BACKGROUND OF THE INVENTION
1. Field of the Invention
The present invention generally relates to finishing printed sheets of paper and, more particularly, to hole-punching folded sheets of printed paper.
2. Background Information
A system for finishing printed sheets into booklets is described in U.S. Pat. No. 6,099,225 (Allen et al., hereafter referred to as “the Allen patent”), hereby incorporated by reference in its entirety, where most finishing operations are performed on a sheet-by-sheet basis using precise paper positioning. The system also uses a transverse tool carrier for cutting, scoring, folding, punching, and stapling booklet sheets. The Allen patent does not specifically address the issue of aligning hole locations from one booklet sheet to another when individual sheets are being punched.
Another system for assembling sheets of printing media for booklets is described in PCT No. WO 00/18583 (Trovinger et al., hereafter referred to as “the Trovinger PCT”), hereby incorporated by reference in its entirety. The Trovinger PCT includes an operation where either a single booklet sheet or a collected stack of booklet sheets is punched (or drilled) to form holes, e.g., to allow storage in a three-ring binder. In the Trovinger PCT, individual printed sheets undergo a punching operation prior to a folding operation. If a completed booklet is to be placed in, for example, a three-ring binder, six holes would need to be created in each flat, pre-folded booklet sheet (i.e., three holes per each side or “page”), an operation requiring six punch actions. Also, the Trovinger PCT does not specifically account for the alignment of hole locations from one booklet sheet to another when individual sheets are being punched. In the alternative hole-punching operation, where booklet sheets are to be punched together as a collected stack, relatively high forces are needed to force sheet materials through multiple pages of a booklet.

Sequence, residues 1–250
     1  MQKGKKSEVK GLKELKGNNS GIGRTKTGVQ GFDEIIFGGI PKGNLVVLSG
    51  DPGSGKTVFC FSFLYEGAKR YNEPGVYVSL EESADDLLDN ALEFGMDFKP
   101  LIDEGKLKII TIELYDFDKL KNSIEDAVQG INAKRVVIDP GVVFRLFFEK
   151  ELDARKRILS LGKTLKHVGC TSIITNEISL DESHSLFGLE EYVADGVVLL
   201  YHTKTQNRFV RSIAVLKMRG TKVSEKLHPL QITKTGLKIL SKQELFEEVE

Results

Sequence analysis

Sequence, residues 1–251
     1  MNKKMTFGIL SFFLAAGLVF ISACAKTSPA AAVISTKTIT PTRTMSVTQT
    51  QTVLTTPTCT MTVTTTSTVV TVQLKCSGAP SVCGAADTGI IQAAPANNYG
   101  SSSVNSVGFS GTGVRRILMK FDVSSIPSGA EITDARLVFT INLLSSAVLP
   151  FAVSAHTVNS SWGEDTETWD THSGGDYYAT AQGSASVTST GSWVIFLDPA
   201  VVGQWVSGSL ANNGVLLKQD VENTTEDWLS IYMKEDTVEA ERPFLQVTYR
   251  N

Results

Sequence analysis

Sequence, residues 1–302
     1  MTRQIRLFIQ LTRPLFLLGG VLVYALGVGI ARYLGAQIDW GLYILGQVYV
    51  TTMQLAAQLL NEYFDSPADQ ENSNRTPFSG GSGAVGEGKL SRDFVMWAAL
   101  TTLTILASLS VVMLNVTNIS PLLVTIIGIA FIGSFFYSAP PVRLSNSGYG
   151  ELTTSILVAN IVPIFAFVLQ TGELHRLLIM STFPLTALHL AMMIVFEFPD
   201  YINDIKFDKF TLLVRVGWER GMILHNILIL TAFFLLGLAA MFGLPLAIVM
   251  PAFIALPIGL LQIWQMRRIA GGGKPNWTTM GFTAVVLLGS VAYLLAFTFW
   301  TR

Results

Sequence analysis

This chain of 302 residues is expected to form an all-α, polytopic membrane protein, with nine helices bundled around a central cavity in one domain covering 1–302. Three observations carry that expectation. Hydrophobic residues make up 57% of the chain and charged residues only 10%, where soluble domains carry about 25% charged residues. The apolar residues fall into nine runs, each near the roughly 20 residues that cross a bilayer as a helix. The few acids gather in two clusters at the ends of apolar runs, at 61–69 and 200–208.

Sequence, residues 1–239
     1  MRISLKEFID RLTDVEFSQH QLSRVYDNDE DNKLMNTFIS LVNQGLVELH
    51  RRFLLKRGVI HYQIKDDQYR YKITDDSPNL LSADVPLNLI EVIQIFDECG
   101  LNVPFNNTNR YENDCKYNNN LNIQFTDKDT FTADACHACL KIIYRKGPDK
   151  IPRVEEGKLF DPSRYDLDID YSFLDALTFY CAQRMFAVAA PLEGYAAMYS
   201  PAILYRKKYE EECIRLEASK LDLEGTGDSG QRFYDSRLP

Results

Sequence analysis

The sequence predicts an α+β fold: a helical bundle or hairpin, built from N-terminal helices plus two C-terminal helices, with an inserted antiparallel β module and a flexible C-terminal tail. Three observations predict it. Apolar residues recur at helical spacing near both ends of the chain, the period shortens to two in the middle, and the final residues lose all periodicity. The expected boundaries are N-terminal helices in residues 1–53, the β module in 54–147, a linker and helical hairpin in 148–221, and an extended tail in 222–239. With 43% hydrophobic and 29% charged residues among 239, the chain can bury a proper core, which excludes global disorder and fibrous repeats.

- SUMMARY OF THE INVENTION
Accordingly, what is needed is a low-cost and efficient process for hole-punching booklet sheets, requiring less and lower-force punch actions, and providing sheet-to-sheet hole alignment.
The present invention is directed to hole-punching folded booklet sheets in a sheet-wise booklet making system, where sheet information associated with each booklet sheet is used to determine the locations on the booklet sheet where holes are to be created.
According to a first embodiment of the present invention, a method of forming booklets is provided, comprising the steps of folding sheets, punching the folded sheets individually at hole punch locations determined based on sheet information, stacking the punched sheets, and binding the stacked sheets in a booklet.